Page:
Hot Commodities: Commodities as an Asset Class (Plus Cheap Girl Scout Cookies!)
(June 24, 2021)
The hottest commodity in 2021 may in fact be commodities themselves as an asset class. Commodity index funds, which represent the performance of an array of commodities, are becoming some of the strongest performing investment vehicles to choose from in 2021, outperforming the S&P 500 Index, S&P 500 Value Index, and Nasdaq this year. The need for commodities and the proverbial building blocks of life such as food, power, infrastructure and environment are required to rebuild the post-pandemic world, and are fueling the aforementioned strong returns. In our latest issue of Hot Commodities, we touch on a selection of these booming commodity markets from seafood and battery metals to our personal favorite – Girl Scout cookies! Dibs on the thin mints!
Battery Metals - Barriers To Renewable Power And Infrastructure
Renewable power related infrastructure, the growing electric vehicle industry, and our ever expanding suite of technology products, all rely on the essential battery metal mining industry. However, acquisition of the metals required is an uphill battle. There is a significant disconnect between investors that continue to show support for clean-tech startups, automotive companies, and battery manufacturers but not the smaller lithium and cobalt mining companies that fulfill their industrial supply chains. It is undeniable that mining will play a key role in the great energy and infrastructure transition, however as a result of the NIMBY (“not in my backyard”) attitude from investors and governments looking to maintain a squeaky clean and green image across their portfolio, a market rift has formed. In addition, the U.S. and Canadian governments have voiced national security concerns over China’s command of the market and potential to limit access to supply unless metal reserves are developed domestically. Overall, as a result of increasing demand and limited supply, prices for battery metals are leading the charge in a bullish commodity market in 2021 despite the industry’s apparent growing pains.
Commodity Markets are Going Bananas, But Don’t Forget About the Environment!
The bananas we know and love today are endangered… again. The banana was originally from the “cultivar” species and was resilient, did not require artificial ripening, and was overall a better, more flavorful fruit. It was the world’s main export banana until 1965 when it went extinct due to a fungal disease called “Panama”.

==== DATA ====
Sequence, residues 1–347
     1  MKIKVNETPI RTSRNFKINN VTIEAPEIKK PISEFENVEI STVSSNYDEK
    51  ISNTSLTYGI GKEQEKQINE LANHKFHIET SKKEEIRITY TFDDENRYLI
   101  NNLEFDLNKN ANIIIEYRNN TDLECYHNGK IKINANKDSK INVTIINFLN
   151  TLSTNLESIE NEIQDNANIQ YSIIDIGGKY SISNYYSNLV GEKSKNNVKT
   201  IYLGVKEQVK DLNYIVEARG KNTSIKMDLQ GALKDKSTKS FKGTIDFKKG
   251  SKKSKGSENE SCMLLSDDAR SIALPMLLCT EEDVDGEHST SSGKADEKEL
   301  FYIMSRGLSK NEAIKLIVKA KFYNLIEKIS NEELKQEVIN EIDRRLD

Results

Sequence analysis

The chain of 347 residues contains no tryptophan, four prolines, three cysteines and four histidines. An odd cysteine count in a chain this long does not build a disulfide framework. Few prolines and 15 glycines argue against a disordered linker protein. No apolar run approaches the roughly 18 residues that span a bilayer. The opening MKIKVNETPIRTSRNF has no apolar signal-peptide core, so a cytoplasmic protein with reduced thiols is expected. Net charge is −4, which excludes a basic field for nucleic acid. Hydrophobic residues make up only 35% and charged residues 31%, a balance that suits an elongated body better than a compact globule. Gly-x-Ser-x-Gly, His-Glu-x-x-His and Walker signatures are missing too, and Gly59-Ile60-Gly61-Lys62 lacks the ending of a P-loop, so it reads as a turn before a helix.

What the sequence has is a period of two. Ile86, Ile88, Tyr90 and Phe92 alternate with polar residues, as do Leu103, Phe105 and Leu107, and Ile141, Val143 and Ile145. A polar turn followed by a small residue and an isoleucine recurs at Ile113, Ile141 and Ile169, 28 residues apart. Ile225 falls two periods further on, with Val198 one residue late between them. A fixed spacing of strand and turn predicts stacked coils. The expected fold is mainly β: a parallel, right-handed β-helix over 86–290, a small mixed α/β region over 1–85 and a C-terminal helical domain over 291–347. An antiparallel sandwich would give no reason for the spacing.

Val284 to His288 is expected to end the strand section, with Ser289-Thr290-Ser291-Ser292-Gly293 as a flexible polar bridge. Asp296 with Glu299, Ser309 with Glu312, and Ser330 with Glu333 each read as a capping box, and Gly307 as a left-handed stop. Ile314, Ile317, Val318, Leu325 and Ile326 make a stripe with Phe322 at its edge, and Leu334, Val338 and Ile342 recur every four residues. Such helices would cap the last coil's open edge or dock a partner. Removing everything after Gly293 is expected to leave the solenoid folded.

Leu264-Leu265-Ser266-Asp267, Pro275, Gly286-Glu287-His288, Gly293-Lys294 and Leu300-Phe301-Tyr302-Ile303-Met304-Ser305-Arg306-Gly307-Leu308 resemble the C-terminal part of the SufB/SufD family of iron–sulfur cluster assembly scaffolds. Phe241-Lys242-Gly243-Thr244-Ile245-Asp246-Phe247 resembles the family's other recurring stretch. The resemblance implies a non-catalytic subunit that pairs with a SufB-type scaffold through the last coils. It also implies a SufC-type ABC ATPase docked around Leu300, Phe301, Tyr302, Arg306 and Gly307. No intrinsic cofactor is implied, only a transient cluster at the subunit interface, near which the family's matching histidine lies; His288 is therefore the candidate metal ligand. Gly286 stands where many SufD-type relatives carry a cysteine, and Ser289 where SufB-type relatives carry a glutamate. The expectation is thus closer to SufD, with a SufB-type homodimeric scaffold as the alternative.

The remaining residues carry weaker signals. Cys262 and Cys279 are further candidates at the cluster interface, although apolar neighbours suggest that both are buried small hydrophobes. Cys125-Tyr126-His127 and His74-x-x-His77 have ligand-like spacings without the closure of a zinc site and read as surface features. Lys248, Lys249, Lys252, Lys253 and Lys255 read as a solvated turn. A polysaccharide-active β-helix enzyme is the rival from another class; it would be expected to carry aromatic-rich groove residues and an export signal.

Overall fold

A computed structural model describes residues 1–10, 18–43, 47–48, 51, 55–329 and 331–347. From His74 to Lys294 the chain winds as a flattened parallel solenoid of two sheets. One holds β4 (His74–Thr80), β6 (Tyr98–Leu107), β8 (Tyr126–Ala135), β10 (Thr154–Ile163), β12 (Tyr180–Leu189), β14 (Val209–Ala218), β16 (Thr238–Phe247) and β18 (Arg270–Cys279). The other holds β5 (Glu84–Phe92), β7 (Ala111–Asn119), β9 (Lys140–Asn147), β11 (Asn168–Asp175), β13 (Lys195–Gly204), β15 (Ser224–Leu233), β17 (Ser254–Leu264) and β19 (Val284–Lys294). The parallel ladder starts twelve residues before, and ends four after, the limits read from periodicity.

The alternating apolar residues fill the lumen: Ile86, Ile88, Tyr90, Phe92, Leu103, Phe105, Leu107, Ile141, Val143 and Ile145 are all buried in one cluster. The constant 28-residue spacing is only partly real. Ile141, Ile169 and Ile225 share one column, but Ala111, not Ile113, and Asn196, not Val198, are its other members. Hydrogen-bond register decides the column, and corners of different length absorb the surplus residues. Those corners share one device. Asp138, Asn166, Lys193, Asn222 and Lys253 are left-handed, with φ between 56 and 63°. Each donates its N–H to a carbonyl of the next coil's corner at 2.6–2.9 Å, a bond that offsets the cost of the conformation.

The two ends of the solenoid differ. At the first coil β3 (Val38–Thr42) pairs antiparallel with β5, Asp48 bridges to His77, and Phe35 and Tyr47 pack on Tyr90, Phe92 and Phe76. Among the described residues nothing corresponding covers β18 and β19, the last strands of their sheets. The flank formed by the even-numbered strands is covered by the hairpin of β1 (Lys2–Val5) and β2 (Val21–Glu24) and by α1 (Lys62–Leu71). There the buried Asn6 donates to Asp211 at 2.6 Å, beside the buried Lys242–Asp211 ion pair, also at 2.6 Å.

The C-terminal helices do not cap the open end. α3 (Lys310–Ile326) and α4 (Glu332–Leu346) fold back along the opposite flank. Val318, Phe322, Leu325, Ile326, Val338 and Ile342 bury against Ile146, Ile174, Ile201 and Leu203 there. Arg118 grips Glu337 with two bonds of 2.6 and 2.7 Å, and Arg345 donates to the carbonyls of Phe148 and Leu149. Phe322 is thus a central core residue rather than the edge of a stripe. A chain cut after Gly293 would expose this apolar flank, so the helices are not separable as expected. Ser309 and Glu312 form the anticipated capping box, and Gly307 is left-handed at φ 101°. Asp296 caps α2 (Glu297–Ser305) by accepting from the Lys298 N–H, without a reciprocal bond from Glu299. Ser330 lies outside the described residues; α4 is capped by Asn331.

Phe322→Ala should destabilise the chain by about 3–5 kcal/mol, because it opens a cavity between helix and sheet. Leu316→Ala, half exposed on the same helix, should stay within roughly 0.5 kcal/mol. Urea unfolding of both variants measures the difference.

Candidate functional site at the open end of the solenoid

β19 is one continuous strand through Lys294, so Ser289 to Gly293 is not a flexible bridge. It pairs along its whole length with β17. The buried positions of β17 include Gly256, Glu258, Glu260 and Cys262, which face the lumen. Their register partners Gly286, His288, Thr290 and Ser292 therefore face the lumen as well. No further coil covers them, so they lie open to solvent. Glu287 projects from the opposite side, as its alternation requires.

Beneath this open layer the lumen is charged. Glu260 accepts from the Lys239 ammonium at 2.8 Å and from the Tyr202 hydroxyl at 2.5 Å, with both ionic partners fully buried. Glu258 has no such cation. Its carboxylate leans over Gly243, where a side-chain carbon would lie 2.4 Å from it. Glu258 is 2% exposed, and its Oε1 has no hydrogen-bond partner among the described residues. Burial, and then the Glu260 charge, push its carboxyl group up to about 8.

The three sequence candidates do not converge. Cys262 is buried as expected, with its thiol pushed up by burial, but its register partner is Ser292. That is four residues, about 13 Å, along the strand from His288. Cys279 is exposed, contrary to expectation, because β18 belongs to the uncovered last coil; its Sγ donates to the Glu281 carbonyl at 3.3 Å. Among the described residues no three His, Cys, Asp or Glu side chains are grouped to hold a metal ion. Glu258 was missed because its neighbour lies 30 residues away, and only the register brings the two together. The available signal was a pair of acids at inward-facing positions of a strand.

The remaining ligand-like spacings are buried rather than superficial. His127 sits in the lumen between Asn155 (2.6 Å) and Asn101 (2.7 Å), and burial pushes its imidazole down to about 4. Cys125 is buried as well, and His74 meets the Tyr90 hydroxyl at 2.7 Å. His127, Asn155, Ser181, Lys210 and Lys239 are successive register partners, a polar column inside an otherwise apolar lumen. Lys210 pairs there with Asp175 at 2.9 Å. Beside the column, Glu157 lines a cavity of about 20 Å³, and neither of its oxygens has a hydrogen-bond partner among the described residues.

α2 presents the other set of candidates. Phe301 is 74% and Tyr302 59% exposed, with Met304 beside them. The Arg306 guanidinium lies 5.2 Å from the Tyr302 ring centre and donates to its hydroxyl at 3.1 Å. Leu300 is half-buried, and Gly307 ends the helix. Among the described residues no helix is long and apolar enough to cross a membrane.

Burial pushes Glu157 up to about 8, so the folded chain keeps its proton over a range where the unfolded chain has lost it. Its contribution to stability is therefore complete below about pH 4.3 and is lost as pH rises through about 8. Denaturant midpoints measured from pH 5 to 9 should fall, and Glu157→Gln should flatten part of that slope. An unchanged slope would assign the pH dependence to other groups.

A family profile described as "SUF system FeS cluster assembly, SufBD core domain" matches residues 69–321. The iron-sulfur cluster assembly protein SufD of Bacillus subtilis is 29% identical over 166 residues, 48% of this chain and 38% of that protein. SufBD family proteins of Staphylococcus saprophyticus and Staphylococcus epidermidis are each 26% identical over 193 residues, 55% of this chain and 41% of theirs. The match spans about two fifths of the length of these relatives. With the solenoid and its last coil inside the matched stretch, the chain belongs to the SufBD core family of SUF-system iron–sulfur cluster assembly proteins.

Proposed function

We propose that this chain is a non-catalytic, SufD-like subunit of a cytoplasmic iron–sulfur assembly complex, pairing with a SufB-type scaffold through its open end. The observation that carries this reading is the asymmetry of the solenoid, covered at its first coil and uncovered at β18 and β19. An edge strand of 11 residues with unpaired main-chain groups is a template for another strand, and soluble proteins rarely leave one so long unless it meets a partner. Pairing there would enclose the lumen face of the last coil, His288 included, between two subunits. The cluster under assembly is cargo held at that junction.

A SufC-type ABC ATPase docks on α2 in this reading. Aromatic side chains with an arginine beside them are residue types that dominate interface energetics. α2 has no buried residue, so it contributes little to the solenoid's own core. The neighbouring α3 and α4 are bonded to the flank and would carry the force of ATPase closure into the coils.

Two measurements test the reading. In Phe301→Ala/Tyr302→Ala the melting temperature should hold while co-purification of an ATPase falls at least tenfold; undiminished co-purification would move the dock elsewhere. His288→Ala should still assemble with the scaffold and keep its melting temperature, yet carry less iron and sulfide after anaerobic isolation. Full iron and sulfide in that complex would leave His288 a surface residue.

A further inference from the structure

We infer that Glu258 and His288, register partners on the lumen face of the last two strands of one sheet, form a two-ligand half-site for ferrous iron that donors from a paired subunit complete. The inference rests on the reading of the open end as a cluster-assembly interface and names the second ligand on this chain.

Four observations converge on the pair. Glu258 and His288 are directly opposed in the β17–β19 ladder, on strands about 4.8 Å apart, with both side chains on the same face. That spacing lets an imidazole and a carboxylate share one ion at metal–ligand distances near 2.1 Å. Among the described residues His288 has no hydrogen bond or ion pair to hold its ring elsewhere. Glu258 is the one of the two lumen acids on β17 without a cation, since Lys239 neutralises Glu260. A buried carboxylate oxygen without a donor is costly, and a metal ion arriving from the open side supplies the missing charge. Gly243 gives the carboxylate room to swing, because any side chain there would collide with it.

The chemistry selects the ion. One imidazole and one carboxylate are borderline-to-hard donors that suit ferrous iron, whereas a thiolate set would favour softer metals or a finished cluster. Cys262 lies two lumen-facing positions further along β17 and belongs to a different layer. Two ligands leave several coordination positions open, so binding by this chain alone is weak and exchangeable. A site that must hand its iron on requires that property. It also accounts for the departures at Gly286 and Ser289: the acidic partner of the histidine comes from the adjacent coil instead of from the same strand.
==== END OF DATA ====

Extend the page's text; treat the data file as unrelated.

Today a new, but similar strain of the Panama disease from Malaysia called “Tropical Race 4” is endangering our bananas once more. The disease prevents uptake of water by attacking the plant’s vascular system. The “Cavendish” banana we know today is a monoculture with no genetic diversity and is susceptible to extinction by the fungal disease if it were to become widespread.
Although the disease has not spread past 2 plantations belonging to the major banana cultivation firm, Matanuska, it has already cost them $7.5 million, losing them 15,000 plants per week. Matanuska contributes $1.5 million per month to the local economy so the likely loss of livelihood is looming. The push towards increasingly stringent environmental and social governance (ESG) mandates by investors, individuals and governments has its tradeoffs, but overall supports a more well-nourished platform to produce commodities sustainably and profitably into the future.
Seafood - Is It Sustainable?
Unfortunately, one could aptly say that consumers are being ‘shellfish’ and incentivizing poor environmental practices when consuming seafood products, which translates to a higher price tag at the grocery store. According to a recent study by Sea Food Source, Sea Food Prices are projected to rise 70% by 2050, in large part due to a supply shortage caused by overfishing and depletion of ocean habitats including coral reefs. Fish prices alone are projected to increase by 48% which exceeds all other food categories including meat, which will only be up by 14% in 2050. This data is based on the comparative lack of new supply in fish products and consumption patterns researched in China , which could be presented as a harbinger for other large, populous countries such as India and the United States. These challenges to output growth will pressure aquaculture-focused seafood firms to substantially up their game to meet demand.
While seafood prices are rising, at least we can enjoy some comparatively budget-friendly Girl Scout cookies.
GIRL SCOUT COOKIES
The bright and motivated roster at Girl Scouts was challenged this year not only by reduced sales amid Covid-19, but also by a drastic decline in memberships. Membership count has fallen by over 30% to 1.7 million from their member count of 2.5 million last recorded in 2008. Fewer scouts and fewer in-person interactions have left a proverbial mountain of cookies left unsold. Although Girl Scouts CEO, Judith Batty applauds the skillful transition of scouts to online sales platforms, news agencies report 15 million boxes of unsold cookies, 12 million of which never left the agency’s bakery warehouses in Kentucky and Indiana. In contrast, Girl Scouts sell about 200 million boxes in a typical year at $5 a box. This presents a rare opportunity for cookie lovers to take an open long position on cookies, get their favorite sweets for cheap and support a great cause.
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-Editors, Alex Meleshko and Emily Shoemaker